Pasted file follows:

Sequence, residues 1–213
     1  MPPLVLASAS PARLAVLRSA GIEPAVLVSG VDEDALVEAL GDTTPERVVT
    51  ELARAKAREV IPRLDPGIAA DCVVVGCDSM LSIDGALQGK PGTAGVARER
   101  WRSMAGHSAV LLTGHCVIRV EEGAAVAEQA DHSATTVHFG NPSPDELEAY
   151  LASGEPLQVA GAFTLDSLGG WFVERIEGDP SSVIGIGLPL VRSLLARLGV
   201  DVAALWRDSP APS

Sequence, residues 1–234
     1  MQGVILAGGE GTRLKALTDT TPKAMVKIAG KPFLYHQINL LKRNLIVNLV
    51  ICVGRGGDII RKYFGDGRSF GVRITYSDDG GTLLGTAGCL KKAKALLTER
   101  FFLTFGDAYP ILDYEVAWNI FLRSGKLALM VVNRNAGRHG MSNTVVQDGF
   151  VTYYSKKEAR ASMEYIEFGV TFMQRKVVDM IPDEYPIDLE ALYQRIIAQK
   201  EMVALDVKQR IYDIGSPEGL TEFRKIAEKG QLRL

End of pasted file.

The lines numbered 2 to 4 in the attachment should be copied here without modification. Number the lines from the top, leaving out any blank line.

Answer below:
     1  MPPLVLASAS PARLAVLRSA GIEPAVLVSG VDEDALVEAL GDTTPERVVT
    51  ELARAKAREV IPRLDPGIAA DCVVVGCDSM LSIDGALQGK PGTAGVARER
   101  WRSMAGHSAV LLTGHCVIRV EEGAAVAEQA DHSATTVHFG NPSPDELEAY